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Parliamentary debates and questions

S5W-14184: Alex Neil (Airdrie and Shotts)

Scottish National Party

Date lodged: 30 January 2018

To ask the Scottish Government, in light of the recent report by Options for Scotland on alternative strategies for decommissioning, whether it will review its policy on decommissioning of offshore oil rigs, and, if so, whether it plans to ask the UK Government to do the same.

Answered by: Paul Wheelhouse 27 February 2018

The Options for Scotland Report focuses predominantly on the tax regime regarding the decommissioning of fixed oil and gas structures, namely the topsides and jackets of offshore oil and gas platforms. As you will be aware the UK Government approve and regulate decommissioning programmes for all UKCS fixed oil and gas installations and pipelines, and are responsible for ensuring that decommissioning is delivered in a safe, efficient and cost effective manner whilst minimising the risk to the environment and other users of the sea. Although decommissioning is a reserved matter, the Scottish Government is committed to maximising the economic benefits available from decommissioning, and supporting Scottish industry to win valuable contracts in areas such as topside salvage and disposal, building upon the existing successes in capturing high value projects in areas such as well-plugging and abandonment.

The Floating Market Study, published on 5 January, by the Scottish enterprise agencies (SE and HIE) indicates there is significant market potential in decommissioning floating and mobile oil and gas infrastructure, including oil rigs, floating production vessels, and support vessels. It is imperative that the Scottish supply chain ready itself for the full range and diversity of decommissioning opportunities for fixed and floating assets in order to compete with other nations which are already active in decommissioning; thereby making the most of these economic opportunities for Scotland. The range of projects that we have funded through the Decommissioning Challenge Fund indicates that there are already organisations poised ready to capitalise on these markets. Slowing our momentum could therefore mean that we permanently miss out on opportunities across the sector.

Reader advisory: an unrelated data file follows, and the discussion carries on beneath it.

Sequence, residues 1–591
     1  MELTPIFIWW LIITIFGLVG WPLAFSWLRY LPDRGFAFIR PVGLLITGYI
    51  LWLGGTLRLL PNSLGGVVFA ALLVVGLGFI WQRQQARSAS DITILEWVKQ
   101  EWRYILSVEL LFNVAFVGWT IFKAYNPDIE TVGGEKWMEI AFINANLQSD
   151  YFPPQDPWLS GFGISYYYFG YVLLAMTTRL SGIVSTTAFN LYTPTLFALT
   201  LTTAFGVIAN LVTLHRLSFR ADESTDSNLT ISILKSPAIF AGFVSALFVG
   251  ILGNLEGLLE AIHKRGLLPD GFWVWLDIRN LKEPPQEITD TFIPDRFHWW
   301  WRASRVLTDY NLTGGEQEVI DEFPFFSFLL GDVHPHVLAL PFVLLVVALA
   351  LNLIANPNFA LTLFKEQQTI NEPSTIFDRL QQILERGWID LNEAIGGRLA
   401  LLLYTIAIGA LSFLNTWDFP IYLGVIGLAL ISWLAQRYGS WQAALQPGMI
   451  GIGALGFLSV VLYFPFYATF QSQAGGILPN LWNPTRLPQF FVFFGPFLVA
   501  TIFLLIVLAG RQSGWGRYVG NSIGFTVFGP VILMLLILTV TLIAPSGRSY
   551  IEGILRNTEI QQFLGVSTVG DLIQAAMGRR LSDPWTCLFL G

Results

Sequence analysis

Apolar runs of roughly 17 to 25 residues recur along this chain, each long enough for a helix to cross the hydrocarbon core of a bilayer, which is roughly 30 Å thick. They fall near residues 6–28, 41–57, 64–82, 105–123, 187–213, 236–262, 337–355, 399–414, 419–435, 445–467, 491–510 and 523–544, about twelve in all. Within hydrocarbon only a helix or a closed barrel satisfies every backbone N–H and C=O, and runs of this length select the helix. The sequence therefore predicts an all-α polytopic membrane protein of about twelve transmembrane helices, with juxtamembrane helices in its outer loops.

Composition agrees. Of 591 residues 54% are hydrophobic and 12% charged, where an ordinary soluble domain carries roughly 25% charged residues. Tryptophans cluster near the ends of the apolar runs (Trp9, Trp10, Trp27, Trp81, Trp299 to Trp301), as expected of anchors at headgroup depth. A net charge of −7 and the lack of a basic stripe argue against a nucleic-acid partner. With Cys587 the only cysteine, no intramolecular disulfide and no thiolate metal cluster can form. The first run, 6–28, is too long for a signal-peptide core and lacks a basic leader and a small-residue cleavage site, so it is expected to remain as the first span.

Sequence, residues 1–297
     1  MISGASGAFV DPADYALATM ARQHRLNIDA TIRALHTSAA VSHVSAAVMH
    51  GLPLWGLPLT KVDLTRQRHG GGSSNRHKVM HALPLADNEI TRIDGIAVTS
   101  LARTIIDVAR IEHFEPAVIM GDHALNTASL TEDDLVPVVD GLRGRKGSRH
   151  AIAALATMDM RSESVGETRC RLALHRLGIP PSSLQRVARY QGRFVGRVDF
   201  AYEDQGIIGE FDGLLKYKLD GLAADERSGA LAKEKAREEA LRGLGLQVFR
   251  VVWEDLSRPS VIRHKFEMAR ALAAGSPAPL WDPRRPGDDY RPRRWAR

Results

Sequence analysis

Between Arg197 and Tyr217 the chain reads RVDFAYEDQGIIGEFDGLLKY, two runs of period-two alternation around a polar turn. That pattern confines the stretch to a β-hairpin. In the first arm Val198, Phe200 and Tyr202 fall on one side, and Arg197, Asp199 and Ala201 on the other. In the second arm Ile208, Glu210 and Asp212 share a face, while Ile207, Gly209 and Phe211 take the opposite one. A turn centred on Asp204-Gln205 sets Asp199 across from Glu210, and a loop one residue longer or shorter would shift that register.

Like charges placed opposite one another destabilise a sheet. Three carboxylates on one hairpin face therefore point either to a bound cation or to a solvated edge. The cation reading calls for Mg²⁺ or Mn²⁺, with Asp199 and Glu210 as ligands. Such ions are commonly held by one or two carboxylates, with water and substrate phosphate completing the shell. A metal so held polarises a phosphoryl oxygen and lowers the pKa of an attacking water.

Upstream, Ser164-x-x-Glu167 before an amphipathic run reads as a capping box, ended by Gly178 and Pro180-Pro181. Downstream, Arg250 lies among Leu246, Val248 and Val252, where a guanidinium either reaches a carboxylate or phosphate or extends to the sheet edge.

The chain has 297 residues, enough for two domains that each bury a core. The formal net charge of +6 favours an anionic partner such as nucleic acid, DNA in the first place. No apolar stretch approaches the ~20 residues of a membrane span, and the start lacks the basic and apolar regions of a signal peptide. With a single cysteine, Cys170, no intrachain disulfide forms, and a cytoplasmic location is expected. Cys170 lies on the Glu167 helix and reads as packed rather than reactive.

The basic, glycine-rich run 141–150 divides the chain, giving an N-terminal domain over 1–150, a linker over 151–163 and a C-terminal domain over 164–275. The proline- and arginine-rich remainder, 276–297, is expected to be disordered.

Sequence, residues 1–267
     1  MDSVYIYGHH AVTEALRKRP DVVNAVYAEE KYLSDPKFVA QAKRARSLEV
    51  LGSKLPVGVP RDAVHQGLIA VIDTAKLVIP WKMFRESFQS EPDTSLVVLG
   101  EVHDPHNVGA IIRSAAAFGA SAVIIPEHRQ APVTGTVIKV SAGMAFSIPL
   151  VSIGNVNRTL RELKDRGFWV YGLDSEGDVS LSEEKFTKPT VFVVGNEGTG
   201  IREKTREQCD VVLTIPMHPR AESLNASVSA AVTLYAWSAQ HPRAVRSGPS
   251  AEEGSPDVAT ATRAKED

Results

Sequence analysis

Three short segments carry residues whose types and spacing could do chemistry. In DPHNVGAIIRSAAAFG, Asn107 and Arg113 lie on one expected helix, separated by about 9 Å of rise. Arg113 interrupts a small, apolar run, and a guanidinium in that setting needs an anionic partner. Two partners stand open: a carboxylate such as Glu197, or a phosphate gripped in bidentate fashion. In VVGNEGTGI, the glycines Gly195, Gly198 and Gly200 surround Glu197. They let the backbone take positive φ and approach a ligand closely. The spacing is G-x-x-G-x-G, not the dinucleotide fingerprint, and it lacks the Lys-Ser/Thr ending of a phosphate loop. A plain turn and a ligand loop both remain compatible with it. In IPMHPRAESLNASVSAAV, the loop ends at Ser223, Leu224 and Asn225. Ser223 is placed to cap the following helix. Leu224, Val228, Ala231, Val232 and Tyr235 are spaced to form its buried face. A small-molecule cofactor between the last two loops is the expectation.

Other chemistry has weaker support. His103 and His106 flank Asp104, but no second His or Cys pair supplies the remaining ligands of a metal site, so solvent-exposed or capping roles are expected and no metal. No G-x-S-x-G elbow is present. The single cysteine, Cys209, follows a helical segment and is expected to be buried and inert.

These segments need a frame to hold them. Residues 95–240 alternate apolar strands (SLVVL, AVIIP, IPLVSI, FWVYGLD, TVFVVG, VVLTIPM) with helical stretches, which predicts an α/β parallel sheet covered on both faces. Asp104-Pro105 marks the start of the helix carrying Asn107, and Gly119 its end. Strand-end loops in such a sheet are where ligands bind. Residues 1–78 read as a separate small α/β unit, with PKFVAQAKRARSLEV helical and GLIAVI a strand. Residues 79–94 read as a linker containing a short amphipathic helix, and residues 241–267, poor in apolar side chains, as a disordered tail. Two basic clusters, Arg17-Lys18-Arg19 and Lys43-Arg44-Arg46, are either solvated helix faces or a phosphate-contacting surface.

We are aware of the wider issues raised by the Options for Scotland report, particularly the growing debate around environmental management, and regulatory and market capability aspects of decommissioning. As this industry develops we will continue to review all the latest evidence, including perspectives of industry and regulators, to ensure that our approach to decommissioning utilises best practice and seeks to optimise the benefits for Scotland.